Three years ago David Miller embraced Islam and became Yousaf Omar. This transition had a great deal to do with his disillusionment from his society. Here he reflects on the nature of American culture through the worldview that has transformed him.
Whenever I think about myself living in the United States these days, two stories come to mind. The first is from Maulana Rumi and the other, although a joke, is very revealing of the viewpoint that prevails here.
In the first book of the Mathanavi, Rumi tells a story of a man who lived in a desert and who, urged on by his wife, agreed to take an offering to the King in the city. The offering was a pitcher of rain water, which the man and his wife had laboriously collected. They considered this water precious because it was sweet compared to the brackish water of their well, their only major source.
Meager though the offering was, the King received it in the spirit in which it was offered and, emptying the pitcher, filled it with gold. The King also arranged for the man to return to his home on a boat. Seeing the vastness of the river on which he traveled, the man marveled at all the water the King had at his command and at the way he took the poor man’s meager offering and rewarded him.
It is one of Rumi’s renditions of the Islamic ethos. In fact, it is so rich in implications that Rumi himself narrated it with more than the usual splendid digressions which enrich his work. The King, Maulana makes clear, is God and His bounty is as boundless as all the water on earth.
What enchanted the story was the understanding that prevailed throughout, an understanding of an Islamic Ummah, of compassion, of knowledge of the world, of tolerance and of the recognition of the different kinds of people which constitute the Muslim world.
I must admit, however, to one question which continued to bother me until most recently. Was Rumi’s society an ideal or did it really exist?
Then, a couple of weeks back, I read in a special travel supplement to the New York Times of an American author, Annie Dillard, giving a short description of her ‘sojourn’ in North Yemen. She was there during an earthquake and she described how people shared their possessions with the victims and gasoline station owners ‘opened their tanks’ so that the gasoline would be free and how wage earners contributed one month’s wages.
A Yemeni told her of some of his people’s responsibilities: ‘If someone is sick, or old, or poor, well, we give our food; we get that person clothes; we build for a widow a new house if the old one is falling down.’
The remarkable thing about Dillard’s description is how full of appreciation it is. Most American travelers, returning from Islamic countries, do not give positive reports of Muslims, even of those who have been hospitable to them. They were unable to see any women, these travelers complain, except those who were heavily veiled. They mention how exasperated they became because of the constant references to God and the frequent addition of Insha’ Allah to statements about the future. Even writers sympathetic to Islam often reveal a bias. They describe the tabs as ‘worry beads,’ without any regard to what dhikr is and how serenity is achieved through the remembrance of Allah.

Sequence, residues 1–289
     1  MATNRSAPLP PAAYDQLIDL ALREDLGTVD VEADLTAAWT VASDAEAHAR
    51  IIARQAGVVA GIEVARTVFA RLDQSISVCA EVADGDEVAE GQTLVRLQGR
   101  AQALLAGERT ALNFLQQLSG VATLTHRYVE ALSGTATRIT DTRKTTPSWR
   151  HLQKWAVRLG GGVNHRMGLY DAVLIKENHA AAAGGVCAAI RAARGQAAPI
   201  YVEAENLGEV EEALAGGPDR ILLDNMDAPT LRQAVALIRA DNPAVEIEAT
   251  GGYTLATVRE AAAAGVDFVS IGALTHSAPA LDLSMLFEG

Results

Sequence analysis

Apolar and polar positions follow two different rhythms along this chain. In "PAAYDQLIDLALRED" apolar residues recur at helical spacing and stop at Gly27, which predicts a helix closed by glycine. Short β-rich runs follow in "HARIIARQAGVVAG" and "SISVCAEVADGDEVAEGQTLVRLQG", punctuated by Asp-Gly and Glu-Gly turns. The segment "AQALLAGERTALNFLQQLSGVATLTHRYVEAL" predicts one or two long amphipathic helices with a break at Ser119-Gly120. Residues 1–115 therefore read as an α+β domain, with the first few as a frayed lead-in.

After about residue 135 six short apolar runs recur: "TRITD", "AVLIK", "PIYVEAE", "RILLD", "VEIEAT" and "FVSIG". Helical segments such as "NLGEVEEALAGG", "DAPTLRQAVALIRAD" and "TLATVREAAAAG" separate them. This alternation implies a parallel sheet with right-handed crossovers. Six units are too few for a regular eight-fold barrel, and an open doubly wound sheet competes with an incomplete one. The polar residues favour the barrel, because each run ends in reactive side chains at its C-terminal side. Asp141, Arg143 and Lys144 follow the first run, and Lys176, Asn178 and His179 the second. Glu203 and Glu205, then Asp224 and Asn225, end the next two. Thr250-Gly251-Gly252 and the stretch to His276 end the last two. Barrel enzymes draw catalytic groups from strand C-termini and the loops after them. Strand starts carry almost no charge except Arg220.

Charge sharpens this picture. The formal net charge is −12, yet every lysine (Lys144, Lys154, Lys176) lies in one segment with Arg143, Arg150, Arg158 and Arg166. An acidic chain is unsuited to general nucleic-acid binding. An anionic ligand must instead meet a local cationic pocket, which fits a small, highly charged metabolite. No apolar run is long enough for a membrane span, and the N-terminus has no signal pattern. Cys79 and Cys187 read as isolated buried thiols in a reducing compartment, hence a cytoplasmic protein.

Rumi’s story presupposes a vital aspect of the Islamic ethos, the presence of a moral understanding among all the people. The trust the wife places in the King, the treatment of her husband at the palace gates, the ready acceptance of his meager offering, the fact that those with the King also took this acceptance in stride, the way the husband was treated in the King’s city.
A world, in short, so conspicuous by its absence in this narcissistic country called the United States. There is a moral aridity here which parches the throat and lips and which also parches the soul. It is best summed up in a joke.
There was a rich girl in a class who was assigned to write on a poor family. ‘Once upon a time’ she wrote, ‘there was a poor family. The father was poor, the mother was poor, the children were poor, cook was poor, the maid was poor, the butler was poor and the chauffeur was poor.’
The United States is that girl, unable to see beyond a very limited set of assumptions it holds dear. After all, its people insist that their country is the epitome of civilization by virtue of its abundance of wealth and weapons (their only criteria for judging whether a country is civilized).
There is something drastically lacking and that is a commonly understood sense of either morals or ethics.
The United States today is, in short an amoral world. Not immoral, which presupposes the existence of morals, which in turn means that the people are fully aware that they are doing wrong when they do, but amoral. A ‘people’ as the Qur’an puts it, ‘without any awareness (of right or wrong)’ (11:29).